It is understood that the EU had reservations about the lack of 'cultural' documentation in the renewal proposal.
Producers in Cannes have expressed their alarm at the idea the tax shelter scheme (due for renewal at the end of June) may now be in jeopardy.
'Without it, we no longer have an industry,' commented Genevieve Lemal of Scope Invest, one of the market leaders in finding tax-sheltered finance in Belgium.
In recent years, Scope has backed many films that have screened in official selection in Cannes, among them Indigenes and the Dardennes' The Child. It recently invested Euros 5m in Jaco Van Dormael's Mister Nobody (being sold in the market by Wild Bunch.) 'I find it very surprising,' Lemal said of the news that the EU hasn't yet ratified the tax shelter renewal.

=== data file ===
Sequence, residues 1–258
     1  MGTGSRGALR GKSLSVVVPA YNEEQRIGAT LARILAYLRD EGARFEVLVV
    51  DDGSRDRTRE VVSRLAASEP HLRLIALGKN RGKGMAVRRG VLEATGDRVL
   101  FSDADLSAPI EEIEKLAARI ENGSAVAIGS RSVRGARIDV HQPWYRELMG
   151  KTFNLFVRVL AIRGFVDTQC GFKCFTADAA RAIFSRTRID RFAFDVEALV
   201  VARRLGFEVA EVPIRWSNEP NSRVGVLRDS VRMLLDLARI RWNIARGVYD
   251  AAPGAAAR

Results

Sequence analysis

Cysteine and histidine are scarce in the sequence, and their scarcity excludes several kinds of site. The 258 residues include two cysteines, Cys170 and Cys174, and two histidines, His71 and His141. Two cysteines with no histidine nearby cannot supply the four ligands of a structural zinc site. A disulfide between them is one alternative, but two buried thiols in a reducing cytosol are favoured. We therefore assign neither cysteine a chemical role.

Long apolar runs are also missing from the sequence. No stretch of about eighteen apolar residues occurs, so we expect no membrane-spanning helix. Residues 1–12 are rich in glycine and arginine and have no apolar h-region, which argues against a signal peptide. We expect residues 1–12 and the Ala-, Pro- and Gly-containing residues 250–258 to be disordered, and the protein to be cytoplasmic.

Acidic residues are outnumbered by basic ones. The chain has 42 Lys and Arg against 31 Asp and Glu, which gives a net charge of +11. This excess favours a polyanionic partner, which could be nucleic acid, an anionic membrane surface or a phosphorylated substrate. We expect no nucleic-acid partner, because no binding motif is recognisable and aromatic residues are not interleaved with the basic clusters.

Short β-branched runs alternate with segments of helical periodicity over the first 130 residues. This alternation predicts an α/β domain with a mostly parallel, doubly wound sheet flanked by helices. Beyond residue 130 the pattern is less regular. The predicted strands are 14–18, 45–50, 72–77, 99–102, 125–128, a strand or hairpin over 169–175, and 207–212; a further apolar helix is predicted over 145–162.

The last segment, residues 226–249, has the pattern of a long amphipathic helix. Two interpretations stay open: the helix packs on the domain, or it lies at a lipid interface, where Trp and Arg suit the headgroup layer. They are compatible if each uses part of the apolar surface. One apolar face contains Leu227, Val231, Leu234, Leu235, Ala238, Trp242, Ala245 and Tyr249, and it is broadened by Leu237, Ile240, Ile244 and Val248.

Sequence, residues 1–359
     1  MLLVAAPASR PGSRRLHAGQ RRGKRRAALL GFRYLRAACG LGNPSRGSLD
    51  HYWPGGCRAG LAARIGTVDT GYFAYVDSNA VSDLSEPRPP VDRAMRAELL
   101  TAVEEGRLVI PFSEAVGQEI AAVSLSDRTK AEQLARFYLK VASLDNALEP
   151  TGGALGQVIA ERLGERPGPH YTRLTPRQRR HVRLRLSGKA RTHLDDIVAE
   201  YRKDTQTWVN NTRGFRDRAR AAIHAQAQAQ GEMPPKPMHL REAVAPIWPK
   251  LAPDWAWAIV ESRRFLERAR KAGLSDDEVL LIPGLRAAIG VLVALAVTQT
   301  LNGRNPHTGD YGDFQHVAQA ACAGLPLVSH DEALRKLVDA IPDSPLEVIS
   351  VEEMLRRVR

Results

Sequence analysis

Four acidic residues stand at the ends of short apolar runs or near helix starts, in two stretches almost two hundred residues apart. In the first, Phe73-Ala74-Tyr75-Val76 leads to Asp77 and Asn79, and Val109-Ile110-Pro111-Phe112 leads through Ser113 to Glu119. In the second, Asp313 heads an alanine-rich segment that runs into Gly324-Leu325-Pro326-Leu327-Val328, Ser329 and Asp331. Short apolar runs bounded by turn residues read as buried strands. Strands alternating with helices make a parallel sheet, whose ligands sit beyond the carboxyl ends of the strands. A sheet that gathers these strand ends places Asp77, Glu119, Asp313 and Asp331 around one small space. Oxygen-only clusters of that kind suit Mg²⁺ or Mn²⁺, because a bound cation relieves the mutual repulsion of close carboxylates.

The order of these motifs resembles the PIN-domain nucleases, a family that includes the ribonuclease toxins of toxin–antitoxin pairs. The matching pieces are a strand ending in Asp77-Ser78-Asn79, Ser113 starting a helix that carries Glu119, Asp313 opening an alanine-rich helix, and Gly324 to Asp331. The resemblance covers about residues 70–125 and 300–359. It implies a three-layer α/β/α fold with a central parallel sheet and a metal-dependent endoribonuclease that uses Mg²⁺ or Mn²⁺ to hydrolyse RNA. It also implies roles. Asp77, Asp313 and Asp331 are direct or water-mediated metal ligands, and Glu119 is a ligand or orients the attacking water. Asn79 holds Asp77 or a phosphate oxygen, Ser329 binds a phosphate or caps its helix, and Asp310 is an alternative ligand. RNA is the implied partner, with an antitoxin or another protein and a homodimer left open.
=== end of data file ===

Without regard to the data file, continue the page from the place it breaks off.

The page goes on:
'It's no reason for panic. It is a technical thing,' insisted Peter Bouckaert, Chairman of the Flanders Producers' Association. 'The EU have asked for additional information regarding the cultural aspect.'
The Belgian Minister of Finance Didier Reynders is expected in Cannes on Monday for a 'Belgian tax shelter day.' By then, it is hoped that the questions regarding the long-term viability of the shelter may have been answered. As Bouckaert puts it: 'You can never be sure but it would be an enormous surprise if it didn't get through.'